Deadly Mushrooms of Nebraska

An overview of the most toxic Nebraska mushrooms by Chance Brueggemann.

The Destroying Angel (Amanita bisporigera) is a rather elegant looking mushroom, sporting all white on all its features. This mushroom belongs to a group of fungi called Amanitas, which the majority possess: a cap, sometimes with patchy warts, gills that are often pale, crowded, and free from the stem, white spore prints, stems with a ring zone and an enlarged base (sometimes cup-like) called a volva. Many members of this group are toxic if consumed, and a handful of them are deadly toxic. The Destroying Angel is one of the subsets that is fatal when eaten. Though amanitas can be rather tough to identify, A bisporigera is an exception.

Amanita bisporigera volva

Amanita bisporigera is a relatively medium-sized mushroom with a white cap, but unlike most amanita mushrooms, this one lacks the patches on the cap surface. With age, the top center may discolor slightly. Underneath the cap is a series of crowded white gills that are frequently short near the outer margins. The gills are free from the stem. The stem is white, often tapering slightly towards the cap. Attached towards the top is a white skirt-like veil and below that, the stem can be fairly smooth or shaggy. The base of the mushroom (sometimes buried) is a white sac-like volva. The spore print is white, like most amanitas. With the morphological features considered, Amanita bisporigera can be further separated from its two closely related sister taxa (also named Destroying Angels) with chemical reactions. In this instance potassium hydroxide (KOH) turns bright yellow when in contact with the cap surface. This reaction occurs only with this species of Destroying Angel and not the other two.

Amanita bisporigera KOH Reaction

Destroying Angels can be found in the summer and early fall months, growing from the soil near oak trees and potentially other hardwoods. In my experience at Indian Cave State Park, I find them growing near northern red oak (Quercus rubra) and black oak (Quercus velutina) trees in more open woodlands, or woodland edges.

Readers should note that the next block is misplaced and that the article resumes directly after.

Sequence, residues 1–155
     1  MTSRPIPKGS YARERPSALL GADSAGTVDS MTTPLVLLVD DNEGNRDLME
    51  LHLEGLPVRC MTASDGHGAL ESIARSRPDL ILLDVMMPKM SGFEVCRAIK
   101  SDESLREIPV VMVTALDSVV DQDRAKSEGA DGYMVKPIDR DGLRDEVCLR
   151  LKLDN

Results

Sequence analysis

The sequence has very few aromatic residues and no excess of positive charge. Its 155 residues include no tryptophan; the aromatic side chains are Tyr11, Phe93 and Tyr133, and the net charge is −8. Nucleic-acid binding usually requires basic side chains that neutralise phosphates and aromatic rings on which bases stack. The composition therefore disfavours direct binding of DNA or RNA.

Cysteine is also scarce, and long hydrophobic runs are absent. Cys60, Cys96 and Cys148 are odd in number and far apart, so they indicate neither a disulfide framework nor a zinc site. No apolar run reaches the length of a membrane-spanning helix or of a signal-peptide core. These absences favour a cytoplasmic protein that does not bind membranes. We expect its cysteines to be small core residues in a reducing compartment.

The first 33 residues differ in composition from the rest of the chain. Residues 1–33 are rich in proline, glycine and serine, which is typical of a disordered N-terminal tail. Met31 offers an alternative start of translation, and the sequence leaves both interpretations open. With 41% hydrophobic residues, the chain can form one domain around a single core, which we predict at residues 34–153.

Deadly Galerina

Contrasting from the Destroying Angel, the Deadly Galerina (Galerina marginata) is a small sized brown mushroom. Many different mushrooms share similar features with Galerina marginata making it hard to differentiate between them, thus they have been grouped into a category called the Little Brown Mushrooms (or LBMs. Sometimes LBMs need the aid of a microscope to confidently ID them. Many of these LBMs are edible or harmless, while some are toxic and hallucinogenic, and a few are deadly toxic. Because of their similarities in characters and variable effects following consumption, LBMs are not for beginners and should be considered when foraging for mushrooms.

Deadly Galerina hygrophanous activity

To distinguish Galerina marginata from other little brown mushrooms, several identification criteria should be met. As previously mentioned, these mushrooms are small, but not tiny, and brown. Their caps are light brown when fresh, becoming cinnamon brown later and tend to be sticky when moist. Caps can dry out creating different zones of brown color (hygrophanous). The cap margins can be slightly lined (striate) upon maturity. Underneath the cap, the gills are attached or slightly running down the stem. The gills are light brown, sometimes covered in partial veil, becoming rusty brown with age, close to nearly distant with frequent shorter gills. The stem is dry, usually covered with flattened, whitish fibrils over a brown to dark brown base color. The base of the stem is often coated in white mycelium with a delicate, with a white to rusty brown colored partial veil that may disappear towards the top. The spore print is rusty brown. According to some sources, potassium hydroxide on cap surfaces can result in reddish reaction while I have yet to observe this in the field.

Deadly Galerina gills and viel

Deadly Galerinas can be found year-round, but in the Midwest, they are usually found during the colder temperatures in the spring and fall. I have seen it in the presence of snow at Indian Cave State Park. They tend to grow scattered in groups or in clusters on dead deciduous and coniferous wood.

Deadly Galerinas in snow

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